A simple laboratory test may predict which antidepressant will work best. This is the result of a study reported in the American Journal of Psychiatry by a team of Canadian and European researchers.
The study was part of larger research program (Genome-Based Therapeutic Drugs for Depression – an effort to find biomarkers to guide medication selection) and it identified C-reactive protein (CRP) which is a test that measures systemic inflammation (something that would be seen with an autoimmune disorder, or stress, or an infection).
Patients were randomized to either the SSRI escitalopram (a pure serotonin antidepressant) or the tricyclic antidepressant nortryptiline (which has both noradrenergic and serotonergic effects).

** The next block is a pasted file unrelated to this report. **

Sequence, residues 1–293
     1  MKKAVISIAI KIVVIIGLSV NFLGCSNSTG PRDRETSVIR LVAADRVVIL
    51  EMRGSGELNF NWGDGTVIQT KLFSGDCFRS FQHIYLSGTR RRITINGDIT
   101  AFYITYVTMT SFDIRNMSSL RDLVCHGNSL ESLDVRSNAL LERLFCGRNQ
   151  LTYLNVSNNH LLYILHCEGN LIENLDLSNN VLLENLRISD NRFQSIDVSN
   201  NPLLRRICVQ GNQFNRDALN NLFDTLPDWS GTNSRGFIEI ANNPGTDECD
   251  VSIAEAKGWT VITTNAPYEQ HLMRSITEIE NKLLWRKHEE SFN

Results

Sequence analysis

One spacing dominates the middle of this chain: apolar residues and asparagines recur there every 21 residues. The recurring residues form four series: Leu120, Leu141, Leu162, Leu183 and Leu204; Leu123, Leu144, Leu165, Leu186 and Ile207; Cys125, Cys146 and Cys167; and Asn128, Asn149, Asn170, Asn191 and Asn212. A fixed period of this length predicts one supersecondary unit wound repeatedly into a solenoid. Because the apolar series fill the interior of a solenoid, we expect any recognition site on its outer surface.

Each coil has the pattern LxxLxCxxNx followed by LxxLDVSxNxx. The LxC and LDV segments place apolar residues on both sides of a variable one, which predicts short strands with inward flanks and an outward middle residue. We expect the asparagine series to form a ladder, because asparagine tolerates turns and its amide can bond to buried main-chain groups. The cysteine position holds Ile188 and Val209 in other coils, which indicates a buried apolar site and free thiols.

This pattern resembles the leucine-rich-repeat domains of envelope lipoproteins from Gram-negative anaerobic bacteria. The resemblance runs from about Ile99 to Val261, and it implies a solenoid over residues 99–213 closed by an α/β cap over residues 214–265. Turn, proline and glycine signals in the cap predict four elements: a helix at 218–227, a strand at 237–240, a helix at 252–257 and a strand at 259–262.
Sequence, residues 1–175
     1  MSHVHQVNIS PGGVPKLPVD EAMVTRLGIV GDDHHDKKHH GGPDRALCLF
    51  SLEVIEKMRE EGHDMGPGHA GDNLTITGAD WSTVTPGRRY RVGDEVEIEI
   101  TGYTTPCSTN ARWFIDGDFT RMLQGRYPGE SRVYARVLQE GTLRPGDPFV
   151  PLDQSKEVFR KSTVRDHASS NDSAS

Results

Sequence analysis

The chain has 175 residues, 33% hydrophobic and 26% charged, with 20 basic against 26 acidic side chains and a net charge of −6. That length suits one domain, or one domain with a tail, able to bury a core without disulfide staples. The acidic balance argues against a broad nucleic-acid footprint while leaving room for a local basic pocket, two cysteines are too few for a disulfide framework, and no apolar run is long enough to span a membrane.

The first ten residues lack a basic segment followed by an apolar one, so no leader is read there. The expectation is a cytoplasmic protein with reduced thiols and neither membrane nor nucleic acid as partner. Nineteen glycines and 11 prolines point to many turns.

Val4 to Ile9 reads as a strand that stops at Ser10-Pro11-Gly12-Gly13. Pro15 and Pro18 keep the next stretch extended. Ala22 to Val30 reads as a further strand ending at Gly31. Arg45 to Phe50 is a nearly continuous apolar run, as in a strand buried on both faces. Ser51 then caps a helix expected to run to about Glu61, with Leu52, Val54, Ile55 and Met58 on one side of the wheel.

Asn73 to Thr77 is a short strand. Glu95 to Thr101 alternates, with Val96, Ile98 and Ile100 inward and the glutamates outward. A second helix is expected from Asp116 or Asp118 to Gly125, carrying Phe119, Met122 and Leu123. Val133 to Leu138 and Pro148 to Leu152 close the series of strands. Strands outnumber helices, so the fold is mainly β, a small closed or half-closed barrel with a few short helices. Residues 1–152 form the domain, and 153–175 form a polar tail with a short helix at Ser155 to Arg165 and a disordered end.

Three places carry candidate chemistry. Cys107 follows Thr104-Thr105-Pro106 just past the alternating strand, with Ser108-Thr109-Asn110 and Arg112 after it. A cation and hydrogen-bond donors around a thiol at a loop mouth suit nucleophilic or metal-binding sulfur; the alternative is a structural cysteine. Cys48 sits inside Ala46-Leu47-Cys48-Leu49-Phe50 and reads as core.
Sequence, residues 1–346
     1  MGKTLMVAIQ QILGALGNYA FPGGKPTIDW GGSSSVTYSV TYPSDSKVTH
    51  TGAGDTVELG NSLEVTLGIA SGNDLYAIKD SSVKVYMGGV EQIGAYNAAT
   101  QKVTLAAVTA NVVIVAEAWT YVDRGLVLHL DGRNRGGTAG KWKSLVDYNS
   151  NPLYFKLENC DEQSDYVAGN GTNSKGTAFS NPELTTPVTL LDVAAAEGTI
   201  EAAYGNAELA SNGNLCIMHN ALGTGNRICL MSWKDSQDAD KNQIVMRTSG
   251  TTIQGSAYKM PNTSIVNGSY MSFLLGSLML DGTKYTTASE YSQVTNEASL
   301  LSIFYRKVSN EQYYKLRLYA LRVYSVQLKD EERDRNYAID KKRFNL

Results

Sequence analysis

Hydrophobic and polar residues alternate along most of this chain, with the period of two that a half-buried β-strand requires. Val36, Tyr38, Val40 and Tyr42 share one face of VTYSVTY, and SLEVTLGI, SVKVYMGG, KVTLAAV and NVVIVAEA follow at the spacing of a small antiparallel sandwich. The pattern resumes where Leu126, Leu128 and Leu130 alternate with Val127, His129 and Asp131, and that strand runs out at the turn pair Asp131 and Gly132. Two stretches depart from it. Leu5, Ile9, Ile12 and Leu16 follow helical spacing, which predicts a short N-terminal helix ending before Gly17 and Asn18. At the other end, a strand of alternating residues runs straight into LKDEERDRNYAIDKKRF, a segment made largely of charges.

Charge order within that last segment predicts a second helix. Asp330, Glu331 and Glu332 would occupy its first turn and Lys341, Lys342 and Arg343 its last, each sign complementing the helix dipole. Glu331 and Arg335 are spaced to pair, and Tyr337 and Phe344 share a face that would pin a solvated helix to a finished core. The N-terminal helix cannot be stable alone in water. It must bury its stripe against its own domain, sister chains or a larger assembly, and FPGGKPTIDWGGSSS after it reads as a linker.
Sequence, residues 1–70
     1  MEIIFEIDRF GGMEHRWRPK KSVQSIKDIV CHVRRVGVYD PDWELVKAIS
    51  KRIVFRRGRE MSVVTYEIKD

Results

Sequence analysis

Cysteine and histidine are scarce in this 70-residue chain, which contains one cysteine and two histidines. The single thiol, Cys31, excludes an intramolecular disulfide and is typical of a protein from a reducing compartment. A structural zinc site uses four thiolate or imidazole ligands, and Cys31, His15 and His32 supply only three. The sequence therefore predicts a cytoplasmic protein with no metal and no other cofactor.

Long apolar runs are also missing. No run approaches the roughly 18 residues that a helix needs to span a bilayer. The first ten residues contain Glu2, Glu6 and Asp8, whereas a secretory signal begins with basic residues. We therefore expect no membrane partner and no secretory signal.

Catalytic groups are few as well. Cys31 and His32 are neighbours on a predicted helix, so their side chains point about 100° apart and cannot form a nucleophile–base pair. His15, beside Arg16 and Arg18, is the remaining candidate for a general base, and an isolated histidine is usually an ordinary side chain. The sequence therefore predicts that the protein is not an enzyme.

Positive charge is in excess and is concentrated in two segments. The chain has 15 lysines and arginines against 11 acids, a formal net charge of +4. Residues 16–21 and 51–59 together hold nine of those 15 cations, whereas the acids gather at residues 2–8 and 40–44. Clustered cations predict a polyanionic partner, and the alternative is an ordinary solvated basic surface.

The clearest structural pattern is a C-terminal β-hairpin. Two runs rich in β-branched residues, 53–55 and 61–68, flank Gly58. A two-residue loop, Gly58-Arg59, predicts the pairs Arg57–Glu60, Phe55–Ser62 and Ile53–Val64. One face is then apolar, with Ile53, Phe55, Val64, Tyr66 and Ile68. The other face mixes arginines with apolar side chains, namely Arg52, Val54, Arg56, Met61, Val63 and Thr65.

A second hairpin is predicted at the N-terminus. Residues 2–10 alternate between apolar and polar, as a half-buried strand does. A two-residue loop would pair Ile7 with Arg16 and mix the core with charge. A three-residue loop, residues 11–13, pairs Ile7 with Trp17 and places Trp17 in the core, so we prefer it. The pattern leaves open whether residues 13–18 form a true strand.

Patients with low baseline levels of CRP (less than 1) improved more with escitalopram, while those with higher CRP levels did better with nortriptyline, as measured on the Montgomery-Åsberg Depression Rating Scale,
Using this algorithm about 1/3 of patients beginning treatment for depression would be placed on nortryptiline and 2/3rds would be treated with escitalopram.
The findings were not just statistically significant but also clinically significant.
Using CRP to predict which medication to use could modestly improve outcomes (on average it would yield a 3 point improvement on the Hamilton Depression Rating Scale, which is a noticeable effect).
According to the lead author, the study must be replicated and tested with other antidepressants. However, this exploration of the different effects of norepinephrine and serotonin on the immune system may open doors to predict how patients respond to treatments and perhaps narrow the trial-and-error process of finding the right antidepressant for each individual.